This field of research is characterized by the intensive networking of structural, tectonic, geochronological and petrological research approaches. In the last 20 years this field of science had benn continuously established in Graz. The combination of structural geological, petrological, geochemical and geochronological methods turned out to be very successful. A major focus is the investigation of units with high pressure metamorphism or high-grade metamorphic overprint and the exhumation of high-pressure units. Several projects in Argentina, Egypt, Kenya / Tanzania, Northern Greece, the Czech Republic and Alaska were or are currently carried out. Outstanding successes include a tectonic reorganization of the East African orogen in Tanzania or the evidence of an ultra-high pressure metamorphism in the Rhodope Mountains, as evidenced by diamond inclusions in garnet from mica schists.
Geochronological and geochemical studies in the Alps enabled new models for the development of the pre-Alpine and Alpine crust of the Alps in many areas.
Geodynamics and Neotectonics
Working out the connections between endogenous dynamics and near-surface processes has become increasingly important in recent years. The effects of recent to sub-recent movements along faults and fault zones and the effects on surface processes such as the uplift of crustal blocks, the formation of a relief and the development of the morphology including the water network are essential. The combination of structural geological methods, low temperature geochronology and sediment geological - stratigraphic methods has proven to be essential for this area science. Numerical modeling has proven to be of high importance particularly for erosion processes and water dynamics. Several projects, preferably in partially still active young collisional orogens (Alps, Himalayas), have been and are currently being carried out. Furthermore, interdisciplinary studies are carried out with regard to the hydrological effectiveness of faults and fault systems.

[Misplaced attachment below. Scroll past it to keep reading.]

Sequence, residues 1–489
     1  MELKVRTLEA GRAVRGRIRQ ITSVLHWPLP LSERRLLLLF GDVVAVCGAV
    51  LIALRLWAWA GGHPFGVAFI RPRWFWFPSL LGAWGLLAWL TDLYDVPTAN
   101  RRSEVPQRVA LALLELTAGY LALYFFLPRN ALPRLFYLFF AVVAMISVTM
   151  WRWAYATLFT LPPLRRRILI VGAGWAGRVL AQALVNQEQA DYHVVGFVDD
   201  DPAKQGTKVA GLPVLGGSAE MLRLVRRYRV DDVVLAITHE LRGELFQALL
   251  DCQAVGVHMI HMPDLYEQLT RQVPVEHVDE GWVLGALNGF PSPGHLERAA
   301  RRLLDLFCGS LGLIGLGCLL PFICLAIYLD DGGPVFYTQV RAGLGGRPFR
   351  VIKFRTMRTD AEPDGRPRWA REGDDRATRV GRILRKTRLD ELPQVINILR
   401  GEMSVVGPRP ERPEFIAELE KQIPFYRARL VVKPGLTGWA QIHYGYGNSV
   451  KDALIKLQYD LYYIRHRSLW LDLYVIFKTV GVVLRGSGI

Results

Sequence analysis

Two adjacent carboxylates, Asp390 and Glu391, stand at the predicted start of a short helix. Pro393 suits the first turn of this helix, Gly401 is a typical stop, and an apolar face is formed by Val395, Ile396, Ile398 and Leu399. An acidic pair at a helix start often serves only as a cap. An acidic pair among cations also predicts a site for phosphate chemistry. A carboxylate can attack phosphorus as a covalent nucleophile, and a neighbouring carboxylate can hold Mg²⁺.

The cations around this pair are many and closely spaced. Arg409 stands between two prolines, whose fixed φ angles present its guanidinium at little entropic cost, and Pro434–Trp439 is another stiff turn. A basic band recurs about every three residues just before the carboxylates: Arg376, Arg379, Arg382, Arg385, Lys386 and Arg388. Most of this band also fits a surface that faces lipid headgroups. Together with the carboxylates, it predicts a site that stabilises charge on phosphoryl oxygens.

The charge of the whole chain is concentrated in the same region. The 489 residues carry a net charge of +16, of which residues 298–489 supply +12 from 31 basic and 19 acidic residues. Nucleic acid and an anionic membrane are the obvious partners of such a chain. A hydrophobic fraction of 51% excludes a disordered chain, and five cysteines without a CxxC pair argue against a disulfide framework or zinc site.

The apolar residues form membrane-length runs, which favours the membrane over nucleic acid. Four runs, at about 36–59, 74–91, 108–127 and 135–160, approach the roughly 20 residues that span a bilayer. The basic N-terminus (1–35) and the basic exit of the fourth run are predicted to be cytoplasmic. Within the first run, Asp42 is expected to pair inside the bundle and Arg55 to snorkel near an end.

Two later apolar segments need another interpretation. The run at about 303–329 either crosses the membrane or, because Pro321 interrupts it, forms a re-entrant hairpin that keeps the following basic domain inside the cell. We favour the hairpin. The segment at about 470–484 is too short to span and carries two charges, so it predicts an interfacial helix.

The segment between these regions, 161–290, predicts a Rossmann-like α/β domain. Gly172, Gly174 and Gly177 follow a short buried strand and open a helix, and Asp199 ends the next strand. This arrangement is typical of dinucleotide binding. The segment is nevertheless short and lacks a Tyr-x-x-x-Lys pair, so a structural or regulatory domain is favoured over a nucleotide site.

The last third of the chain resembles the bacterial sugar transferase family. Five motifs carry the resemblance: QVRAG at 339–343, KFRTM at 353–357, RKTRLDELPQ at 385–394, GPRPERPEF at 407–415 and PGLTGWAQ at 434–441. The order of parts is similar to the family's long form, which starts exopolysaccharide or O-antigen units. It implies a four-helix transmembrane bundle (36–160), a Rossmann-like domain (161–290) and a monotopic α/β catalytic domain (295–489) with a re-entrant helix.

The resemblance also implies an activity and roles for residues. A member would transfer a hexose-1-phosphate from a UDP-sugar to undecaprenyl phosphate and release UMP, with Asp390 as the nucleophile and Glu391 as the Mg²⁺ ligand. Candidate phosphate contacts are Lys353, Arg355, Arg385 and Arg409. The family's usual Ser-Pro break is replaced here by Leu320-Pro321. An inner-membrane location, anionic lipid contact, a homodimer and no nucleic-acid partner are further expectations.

Continent collision in the Himalayas: the figure shows the relationship between processes in the lower crust and the earth's mantle and processes on the surface. The breakoff of the subducted lithospheric plate causes the uplift of the Himalayas and the Tibetan plateau (from Frisch & Meschede: plate tectonics).
Tectonics of convergent plate boundaries
Graz is a leader in scientific research on the geology of the oceans throughout Austria and is internationally visible in this field of geological sciences. The "International Ocean Discovery Program" (IODP) is an international research program to study the ocean floor by means of drilling in order to better understand the development of the earth. For this purpose, offshore research platforms are used to obtain data in sea sediments and solid rocks of the ocean floor, and to document and analyze processes over long periods of time using permanent measurement systems on the ocean floor.
The aim of the "Costa Rica Seismogenesis Project (CRISP)" was to better understand the processes that are responsible for the formation of severe earthquakes in the area of erosive plate boundaries.
CRISP is located in the only known seismogenic zone on an erosive plate boundary that can be accessed by scientific drilling. Expedition 344 focused on the boundary conditions such as the lithological composition of the subducted plate, hydrology and thermal structure in the area of the Middle American trench.
During IODP Expedition 352, a section of the volcanic stratigraphy of the outer forearc of the Izu-Bonin-Mariana system was drilled with the aim of tracking the processes of magmatism, tectonics and crustal accretion associated with the beginning of a subduction process. The results of this expedition, in turn, have implications for understanding the origin of many ophiolites that are believed to form in a similar tectonic setting.
IODP Expedition 366 investigated the chemistry, microbiology and physical properties of specific sediments that form serpentinite mud volcanoes and of fluid phases from the earth's crust and mantle. The serpentinite mud is welling out west above the Mariana Trench by serpentinite mud volcanoes on the ocean floor, at a depth of around 4000 to 2000 m below sea level.
Bathymetric Map of the West Pacific Area; the serpentinite mud volcanoes examined during IODP Expedition 366 are marked (Fryer, P., Wheat, C.G., Williams, T., and the Expedition 366 Scientists, 2018. Mariana Convergent Margin and South Chamorro Seamount. Proceedings of the International Ocean Discovery Program, 366: College Station, TX (International Ocean Discovery Program). doi.org/10.14379/iodp.proc.366.2018).